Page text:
Winter Protection

In Cold Climates, Snow Is the Best Winter Protection!

Snow-covered garden with a bench in the foreground

Snow: it’s not your enemy, it’s your friend! Photo: wordpress.michelcharleboisrehmat.com

While snow is often seen as a disaster by novice gardeners, laidback gardeners (at least those in cold climates) look upon it as a benediction.

Snow creates a layer of insulation against the extremely cold air that winter will inevitably send us, covering and protecting the crowns and roots of our plants. The average snow cover in a region is also one of the main factors, along with minimum temperatures, that governments use in establishing hardiness zones. I already live in USDA zone 3 (AgCan zone 4), right on the edge of the great boreal forest. I shudder to think what zone I’d be in if the snow cover here weren’t so trustworthy!

A good cover of snow is so important in protecting our plants that experienced gardeners can guess ahead of time what shape their gardens will be in come spring by the abundance or lack of snow. When there is a lot of snow, their plants may be a bit slower to come up, but when they do, they’ll be in fine shape. If snow is absent when temperatures get really cold, they shake their head in despair: they know plenty of plants will have suffered and some may well be killed. The gardener who lives in an area where winters are cold, but snow cover is unreliable, really needs to learn how to mulch—and to mulch thickly!—before winter arrives. A good mulch may not totally replace snow, but it sure helps!

Bent branches usually just spring right back up when the snow melts. Photo: cascadeconifers.com

True enough, snow sometimes bends a few branches (which usually spring right back up when it melts) and snaps a few right off. I just figure that’s Mother Nature doing her pruning.

Branches that break are generally weak, sick or even dead. And young saplings that are flattened are usually the runts of the litter. Both the natural forest and your own garden are better off when Ma Nature removes the weaklings!

So long live snow! Long live winter! Long live gardeners who learn to embrace Mother Nature rather than trying to fight her!

Article adapted from one originally published in this blog on December 17, 2015

Larry Hodgson is one of Canada’s best-known garden communicators. He has notably been editor-in-chief of HousePlant Magazine, Fleurs, Plantes et Jardins, À Fleur de Pot and Houseplant Forum magazines and is currently the garden correspondent for Le Soleil and radio garden commentator for CKIA-FM Radio. He has written for many garden publications in both the United States and Canada, including Canadian Gardening, Harrowsmith, Horticulture, Fine Gardening and Organic Gardening. He also speaks frequently to horticultural groups throughout Canada and the U.S. His book credits include The Garden Lover’s Guide to Canada, Complete Guide to Houseplants, Making the Most of Shade, Perennials for Every Purpose, Annuals for Every Purpose, and Houseplants for Dummies, as well as nearly 60 other titles in English and French. He is a past president of the Garden Writers Association (now Garden Communicators International) and the winner of the prestigious 2006 Garden Media Promoter Award offered by the Perennial Plant Association. He resides in Quebec City, Quebec, Canada.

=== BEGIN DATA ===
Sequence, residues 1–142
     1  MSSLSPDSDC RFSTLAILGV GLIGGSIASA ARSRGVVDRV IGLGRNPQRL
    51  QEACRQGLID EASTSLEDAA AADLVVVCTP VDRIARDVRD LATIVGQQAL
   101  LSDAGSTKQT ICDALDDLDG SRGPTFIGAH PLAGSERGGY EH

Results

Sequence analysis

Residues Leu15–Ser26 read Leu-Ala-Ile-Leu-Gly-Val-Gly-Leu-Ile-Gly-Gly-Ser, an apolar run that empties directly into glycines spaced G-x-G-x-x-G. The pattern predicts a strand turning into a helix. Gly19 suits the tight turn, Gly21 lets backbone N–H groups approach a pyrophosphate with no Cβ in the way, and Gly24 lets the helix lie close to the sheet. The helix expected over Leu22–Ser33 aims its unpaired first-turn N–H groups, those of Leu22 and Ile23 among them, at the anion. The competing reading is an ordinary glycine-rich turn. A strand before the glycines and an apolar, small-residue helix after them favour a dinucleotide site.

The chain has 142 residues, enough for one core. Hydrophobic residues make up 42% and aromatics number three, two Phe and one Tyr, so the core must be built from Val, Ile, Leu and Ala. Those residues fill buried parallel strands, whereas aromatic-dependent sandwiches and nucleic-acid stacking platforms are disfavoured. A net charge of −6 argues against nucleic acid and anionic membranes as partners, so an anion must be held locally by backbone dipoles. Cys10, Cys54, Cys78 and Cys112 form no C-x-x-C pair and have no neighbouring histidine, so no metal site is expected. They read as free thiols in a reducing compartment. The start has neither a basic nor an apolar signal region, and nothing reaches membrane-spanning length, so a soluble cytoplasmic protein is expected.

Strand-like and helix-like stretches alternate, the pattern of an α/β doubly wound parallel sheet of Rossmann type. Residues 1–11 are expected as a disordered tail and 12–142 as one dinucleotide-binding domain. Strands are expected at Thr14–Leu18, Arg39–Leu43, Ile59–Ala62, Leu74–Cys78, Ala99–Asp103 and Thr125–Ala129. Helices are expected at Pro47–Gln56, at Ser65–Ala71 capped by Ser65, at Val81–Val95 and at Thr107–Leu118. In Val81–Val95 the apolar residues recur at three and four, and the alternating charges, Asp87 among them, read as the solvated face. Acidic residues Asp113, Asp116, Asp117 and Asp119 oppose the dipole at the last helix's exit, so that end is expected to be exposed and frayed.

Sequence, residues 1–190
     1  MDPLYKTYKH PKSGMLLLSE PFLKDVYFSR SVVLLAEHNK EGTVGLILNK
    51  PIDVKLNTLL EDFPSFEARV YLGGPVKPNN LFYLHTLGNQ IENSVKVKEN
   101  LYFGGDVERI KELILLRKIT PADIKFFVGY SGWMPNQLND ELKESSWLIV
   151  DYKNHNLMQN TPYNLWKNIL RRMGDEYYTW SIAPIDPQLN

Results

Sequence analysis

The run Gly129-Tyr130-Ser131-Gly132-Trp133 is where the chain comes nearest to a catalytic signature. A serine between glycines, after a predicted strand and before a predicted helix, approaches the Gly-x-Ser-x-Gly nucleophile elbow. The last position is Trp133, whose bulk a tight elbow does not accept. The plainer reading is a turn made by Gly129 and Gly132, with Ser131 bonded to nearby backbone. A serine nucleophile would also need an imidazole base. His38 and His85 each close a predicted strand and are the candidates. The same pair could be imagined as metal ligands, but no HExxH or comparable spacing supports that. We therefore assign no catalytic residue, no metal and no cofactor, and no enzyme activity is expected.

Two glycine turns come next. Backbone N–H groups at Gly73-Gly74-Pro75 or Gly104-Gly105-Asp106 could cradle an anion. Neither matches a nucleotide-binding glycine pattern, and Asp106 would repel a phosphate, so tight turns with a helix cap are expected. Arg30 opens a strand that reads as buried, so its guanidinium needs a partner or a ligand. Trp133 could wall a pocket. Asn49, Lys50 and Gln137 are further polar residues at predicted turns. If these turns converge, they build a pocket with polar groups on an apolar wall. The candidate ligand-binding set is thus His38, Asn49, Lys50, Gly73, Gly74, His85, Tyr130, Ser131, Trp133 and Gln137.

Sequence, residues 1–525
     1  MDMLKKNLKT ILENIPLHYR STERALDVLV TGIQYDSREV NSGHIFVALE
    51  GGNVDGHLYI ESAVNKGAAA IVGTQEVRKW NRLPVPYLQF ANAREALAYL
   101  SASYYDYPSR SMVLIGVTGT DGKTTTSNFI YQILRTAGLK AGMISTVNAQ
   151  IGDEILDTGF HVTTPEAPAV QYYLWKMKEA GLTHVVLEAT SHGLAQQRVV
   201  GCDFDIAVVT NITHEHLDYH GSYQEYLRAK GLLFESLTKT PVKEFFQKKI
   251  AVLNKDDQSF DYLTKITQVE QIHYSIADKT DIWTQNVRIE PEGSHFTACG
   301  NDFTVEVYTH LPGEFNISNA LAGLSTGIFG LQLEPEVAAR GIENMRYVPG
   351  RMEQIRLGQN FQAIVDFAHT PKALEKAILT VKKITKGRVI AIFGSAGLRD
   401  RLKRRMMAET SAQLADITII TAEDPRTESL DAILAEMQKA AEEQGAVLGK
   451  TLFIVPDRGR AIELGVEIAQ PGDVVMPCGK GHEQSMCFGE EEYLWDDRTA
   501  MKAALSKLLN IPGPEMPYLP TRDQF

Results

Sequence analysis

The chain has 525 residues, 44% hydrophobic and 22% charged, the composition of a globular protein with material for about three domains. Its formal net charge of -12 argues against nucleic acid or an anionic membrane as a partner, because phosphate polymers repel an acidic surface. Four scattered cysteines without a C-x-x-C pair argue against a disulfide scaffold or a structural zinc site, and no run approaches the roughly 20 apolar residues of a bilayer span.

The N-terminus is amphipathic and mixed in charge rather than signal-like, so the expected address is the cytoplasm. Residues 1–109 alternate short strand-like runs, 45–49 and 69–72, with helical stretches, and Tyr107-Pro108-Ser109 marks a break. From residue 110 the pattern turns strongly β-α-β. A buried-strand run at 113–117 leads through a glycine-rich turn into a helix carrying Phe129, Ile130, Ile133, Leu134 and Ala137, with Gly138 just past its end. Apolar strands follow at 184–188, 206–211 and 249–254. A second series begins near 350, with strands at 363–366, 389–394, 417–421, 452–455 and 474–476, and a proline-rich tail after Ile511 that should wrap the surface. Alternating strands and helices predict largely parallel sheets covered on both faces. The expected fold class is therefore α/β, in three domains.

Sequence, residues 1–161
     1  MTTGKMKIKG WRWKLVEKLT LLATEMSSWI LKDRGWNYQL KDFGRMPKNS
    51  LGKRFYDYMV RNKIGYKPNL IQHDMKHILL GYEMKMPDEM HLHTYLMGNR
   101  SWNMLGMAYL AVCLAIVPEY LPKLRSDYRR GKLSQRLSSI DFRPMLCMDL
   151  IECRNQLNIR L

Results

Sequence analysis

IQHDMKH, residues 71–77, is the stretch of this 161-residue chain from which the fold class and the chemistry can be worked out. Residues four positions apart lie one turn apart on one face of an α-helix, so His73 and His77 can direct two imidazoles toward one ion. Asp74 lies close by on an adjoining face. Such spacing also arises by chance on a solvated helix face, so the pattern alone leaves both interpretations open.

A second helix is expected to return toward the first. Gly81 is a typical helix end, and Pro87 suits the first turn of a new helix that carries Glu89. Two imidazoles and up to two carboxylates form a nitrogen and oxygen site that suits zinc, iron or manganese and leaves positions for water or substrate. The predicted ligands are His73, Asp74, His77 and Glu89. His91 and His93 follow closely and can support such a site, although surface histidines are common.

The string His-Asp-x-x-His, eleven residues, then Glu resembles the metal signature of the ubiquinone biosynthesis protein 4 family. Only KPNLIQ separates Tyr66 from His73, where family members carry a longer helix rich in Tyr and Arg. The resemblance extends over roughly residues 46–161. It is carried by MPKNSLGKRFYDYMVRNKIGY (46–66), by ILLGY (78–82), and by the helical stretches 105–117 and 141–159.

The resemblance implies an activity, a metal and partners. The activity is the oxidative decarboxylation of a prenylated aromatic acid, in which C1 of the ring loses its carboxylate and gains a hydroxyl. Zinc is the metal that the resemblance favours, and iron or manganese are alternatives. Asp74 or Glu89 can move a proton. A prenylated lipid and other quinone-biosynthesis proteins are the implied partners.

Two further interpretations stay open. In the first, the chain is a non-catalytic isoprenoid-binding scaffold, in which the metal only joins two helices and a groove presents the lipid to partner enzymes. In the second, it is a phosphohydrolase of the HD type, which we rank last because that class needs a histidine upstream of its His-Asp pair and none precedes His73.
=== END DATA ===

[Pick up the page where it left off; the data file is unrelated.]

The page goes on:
5 comments on “In Cold Climates, Snow Is the Best Winter Protection!

  1. If only it didn’t have to be moved off the hard surfaces. 🙂

  2. Fortunately, we need not be concerned with snow here. Nor must we worry about hard frost. We get mild frost, but it only kills plants that we should not be growing anyway. Minor snow at higher elevations bit farther inland is a serious problem for redwoods, which can not support the weight. Redwoods do not live at very high elevations, but venture high enough to, on rare occasion, encounter snow. Because it is so rare, they do not adapt to it. The damage is harmless to the trees, but very messy and very dangerous. Even small limbs falling from hundreds of feet up come down with major momentum!

  3. I live in Labrador and if it wasn’t for snow I’m not sure if anything would overwinter. As it is, I can grow things rated zone 3 even though AgCan thinks I’m zone 0. It’s a pain in the ass to shovel, but I love snow.

  4. Snow’s my friend too. I can’t imagine gardening without it!

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